Rich Michaelson Magaliff, LLP
SPEAK WITH ONE OF OUR ATTORNEYS TODAY.
[et_pb_stop_stacking disabled_on=”on|on|on” _builder_version=”3.17.6″ disabled=”on” global_colors_info=”{}” _i=”1″ _address=”3.0.0.1″ /]
SPEAK WITH ONE OF
OUR ATTORNEYS TODAY.

Real World Solutions To Real World Challenges

Best Lawyers | Best Law Firms | U S News and World Report | 2016
Best Lawyers | Best Law Firms | U S News and World Report | 2017

R3M has been voted a Best Law Firm by US News & World Report and Best Lawyers

Best Lawyers | Best Law Firms | U S News and World Report | 2018
Best Lawyers | Best Law Firms | U S News and World Report | 2019
Best Lawyers | Best Law Firms | U S News and World Report | 2020
Best Lawyers | Best Law Firms | U S News and World Report | 2021
Best Lawyers - Lawyer Logo
logo-popup

Location

335 Madison Avenue, 9th Floor
New York, NY 10017

Toll Free: 877.373.6811
Fax: 212.913.9642
Map & Directions

close

Get Answers

No.

Without mincing words, that is the short and definitive answer delivered by a subject-matter insider to the above-posed blog headline query.

To wit: New York’s governmental agencies focused on commercial matters within the state are in many instances undermining rather than helping small businesses grow and prosper.

A principal with the nonprofit National Federation of Independent Business rues that alleged reality. And, moreover, New York’s NFIB state director Greg Biryla views it as supremely ironic, given that more than 99% of all businesses operating in New York are reportedly “small businesses.”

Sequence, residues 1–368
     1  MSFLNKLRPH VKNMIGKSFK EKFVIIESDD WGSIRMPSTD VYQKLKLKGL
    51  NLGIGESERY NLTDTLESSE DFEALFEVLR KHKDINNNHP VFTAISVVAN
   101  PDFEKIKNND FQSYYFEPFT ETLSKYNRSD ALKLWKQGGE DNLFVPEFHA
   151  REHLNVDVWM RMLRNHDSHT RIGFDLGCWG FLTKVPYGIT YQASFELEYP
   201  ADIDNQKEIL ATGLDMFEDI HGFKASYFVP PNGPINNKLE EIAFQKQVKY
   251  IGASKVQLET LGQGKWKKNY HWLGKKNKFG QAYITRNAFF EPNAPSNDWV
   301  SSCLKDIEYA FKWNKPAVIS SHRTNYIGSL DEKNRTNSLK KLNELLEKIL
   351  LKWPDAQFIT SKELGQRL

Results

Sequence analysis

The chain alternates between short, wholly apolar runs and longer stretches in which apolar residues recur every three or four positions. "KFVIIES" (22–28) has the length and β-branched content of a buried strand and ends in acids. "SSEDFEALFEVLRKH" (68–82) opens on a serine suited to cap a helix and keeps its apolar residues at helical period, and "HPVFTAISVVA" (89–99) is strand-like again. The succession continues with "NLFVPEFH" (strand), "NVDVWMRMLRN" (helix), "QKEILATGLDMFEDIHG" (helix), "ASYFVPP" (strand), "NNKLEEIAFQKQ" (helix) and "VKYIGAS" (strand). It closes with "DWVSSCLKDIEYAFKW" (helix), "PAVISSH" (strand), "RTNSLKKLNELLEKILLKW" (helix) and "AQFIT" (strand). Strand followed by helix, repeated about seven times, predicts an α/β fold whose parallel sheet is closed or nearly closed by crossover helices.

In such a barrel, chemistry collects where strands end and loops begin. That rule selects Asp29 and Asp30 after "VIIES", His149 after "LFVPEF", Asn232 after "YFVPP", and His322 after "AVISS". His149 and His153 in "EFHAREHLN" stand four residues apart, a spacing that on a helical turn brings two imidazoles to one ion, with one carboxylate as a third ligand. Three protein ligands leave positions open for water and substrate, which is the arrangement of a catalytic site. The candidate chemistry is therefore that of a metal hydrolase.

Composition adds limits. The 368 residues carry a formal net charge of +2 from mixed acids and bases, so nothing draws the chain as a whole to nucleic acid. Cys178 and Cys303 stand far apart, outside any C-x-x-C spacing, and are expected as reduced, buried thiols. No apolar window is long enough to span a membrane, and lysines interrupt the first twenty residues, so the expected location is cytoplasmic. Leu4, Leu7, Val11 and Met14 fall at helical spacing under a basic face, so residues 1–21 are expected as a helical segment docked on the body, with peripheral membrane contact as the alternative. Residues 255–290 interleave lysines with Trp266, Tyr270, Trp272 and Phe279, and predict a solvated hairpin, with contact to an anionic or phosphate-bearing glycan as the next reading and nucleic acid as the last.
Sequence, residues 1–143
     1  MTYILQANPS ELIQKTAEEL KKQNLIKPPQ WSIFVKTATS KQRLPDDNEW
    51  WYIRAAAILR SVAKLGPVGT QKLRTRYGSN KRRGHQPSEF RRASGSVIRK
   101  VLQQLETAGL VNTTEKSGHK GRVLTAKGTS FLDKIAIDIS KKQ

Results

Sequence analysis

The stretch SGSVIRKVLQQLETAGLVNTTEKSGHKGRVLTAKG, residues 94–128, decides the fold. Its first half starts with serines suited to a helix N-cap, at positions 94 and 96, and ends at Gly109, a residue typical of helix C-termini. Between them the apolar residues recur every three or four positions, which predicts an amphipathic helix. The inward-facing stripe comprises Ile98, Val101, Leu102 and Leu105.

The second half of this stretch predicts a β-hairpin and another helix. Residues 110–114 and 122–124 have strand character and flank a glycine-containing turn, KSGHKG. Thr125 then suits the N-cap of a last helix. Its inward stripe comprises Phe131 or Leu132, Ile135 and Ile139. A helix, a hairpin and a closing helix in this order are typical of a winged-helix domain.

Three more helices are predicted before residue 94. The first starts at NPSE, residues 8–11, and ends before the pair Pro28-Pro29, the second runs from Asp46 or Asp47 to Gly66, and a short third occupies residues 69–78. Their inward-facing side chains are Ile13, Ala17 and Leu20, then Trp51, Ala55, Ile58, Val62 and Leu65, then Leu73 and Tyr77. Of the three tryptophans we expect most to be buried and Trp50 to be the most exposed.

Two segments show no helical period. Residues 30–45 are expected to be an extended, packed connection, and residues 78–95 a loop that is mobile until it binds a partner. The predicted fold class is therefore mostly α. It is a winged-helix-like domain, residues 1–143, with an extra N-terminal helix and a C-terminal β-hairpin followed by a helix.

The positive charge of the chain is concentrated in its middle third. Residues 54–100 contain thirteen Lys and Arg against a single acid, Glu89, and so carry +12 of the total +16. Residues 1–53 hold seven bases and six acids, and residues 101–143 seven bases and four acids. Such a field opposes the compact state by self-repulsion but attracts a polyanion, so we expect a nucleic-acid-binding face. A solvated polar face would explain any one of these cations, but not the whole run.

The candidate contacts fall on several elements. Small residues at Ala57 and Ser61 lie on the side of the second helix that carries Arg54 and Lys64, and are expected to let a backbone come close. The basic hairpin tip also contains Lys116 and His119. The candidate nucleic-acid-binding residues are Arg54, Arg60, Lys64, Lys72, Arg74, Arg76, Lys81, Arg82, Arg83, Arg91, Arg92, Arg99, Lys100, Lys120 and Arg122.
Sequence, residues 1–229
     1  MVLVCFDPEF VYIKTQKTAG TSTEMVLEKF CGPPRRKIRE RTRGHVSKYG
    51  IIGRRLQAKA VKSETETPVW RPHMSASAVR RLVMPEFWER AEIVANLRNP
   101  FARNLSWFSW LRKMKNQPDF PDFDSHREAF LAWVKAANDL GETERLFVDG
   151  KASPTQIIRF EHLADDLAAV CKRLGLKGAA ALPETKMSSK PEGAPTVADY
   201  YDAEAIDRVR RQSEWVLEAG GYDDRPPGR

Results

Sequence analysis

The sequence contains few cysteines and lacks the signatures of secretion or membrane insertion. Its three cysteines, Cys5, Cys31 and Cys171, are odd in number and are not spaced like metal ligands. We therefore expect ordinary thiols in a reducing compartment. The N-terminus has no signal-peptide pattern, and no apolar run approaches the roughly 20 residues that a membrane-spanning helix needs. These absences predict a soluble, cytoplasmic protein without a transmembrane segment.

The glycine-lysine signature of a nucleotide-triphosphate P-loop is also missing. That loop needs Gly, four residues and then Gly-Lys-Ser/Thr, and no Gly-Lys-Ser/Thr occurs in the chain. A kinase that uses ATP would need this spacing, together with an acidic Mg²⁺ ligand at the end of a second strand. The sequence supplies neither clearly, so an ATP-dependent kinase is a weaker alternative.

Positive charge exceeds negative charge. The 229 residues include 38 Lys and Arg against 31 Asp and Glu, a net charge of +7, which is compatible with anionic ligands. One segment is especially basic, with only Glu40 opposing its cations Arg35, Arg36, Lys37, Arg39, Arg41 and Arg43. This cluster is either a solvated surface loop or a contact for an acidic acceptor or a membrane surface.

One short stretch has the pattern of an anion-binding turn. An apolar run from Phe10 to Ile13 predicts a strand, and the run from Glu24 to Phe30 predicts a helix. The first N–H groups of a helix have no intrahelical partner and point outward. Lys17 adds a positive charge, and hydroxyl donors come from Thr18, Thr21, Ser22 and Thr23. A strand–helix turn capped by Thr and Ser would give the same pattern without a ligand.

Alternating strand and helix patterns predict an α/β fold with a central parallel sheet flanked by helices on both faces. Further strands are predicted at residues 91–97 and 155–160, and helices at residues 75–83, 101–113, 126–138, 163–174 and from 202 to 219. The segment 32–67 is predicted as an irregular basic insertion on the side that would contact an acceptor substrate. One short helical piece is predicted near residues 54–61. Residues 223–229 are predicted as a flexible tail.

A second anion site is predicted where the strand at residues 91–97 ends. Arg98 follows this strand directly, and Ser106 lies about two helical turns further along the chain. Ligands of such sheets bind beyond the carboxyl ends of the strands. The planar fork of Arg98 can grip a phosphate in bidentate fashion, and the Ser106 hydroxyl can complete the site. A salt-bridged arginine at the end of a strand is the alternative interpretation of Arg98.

That should give them appreciable clout, Biryla says. At the very least, it should command sizable respect from state regulators.

And yet it doesn’t, in the view of NIFB, despite the fact that state government organs prosper when small businesses thrive. The tax revenues reaped by New York’s government from business activity are immense, which should logically cultivate regulators’ laser-like focus on assisting businesses in every possible way.

Biryla contends that the focus is short-sighted and myopic instead, and wonders why. He criticizes Albany’s lawmakers for viewing small businesses “not as job creators and community assets, but as ATMs.” He stresses that the state’s initial and subsequently ongoing contacts with business owners are overly aggressive and punitive, coupled with a lack of articulated regulations.

That can – and absolutely needs – to change, contends Biryla and his organization. The NIFB endorses the passage of new pro-business legislation that is presently being considered by Gov. Andrew Cuomo. The federation believes that it would provide small business owners “some reasonable reprieve from a state regulatory environment that simply isn’t structured to assist Main Street businesses.” Readers can glean the would-be law’s essential details through accessing the above link.

Rich Michaelson Magaliff attorneys certainly support state enactments that promote business opportunities and prosperity. Our deep legal team has decades of collective legal experience working alongside diverse and valued commercial clients as they strive to develop. They are obviously aided immeasurably in their goals when government is a business partner rather than a nemesis.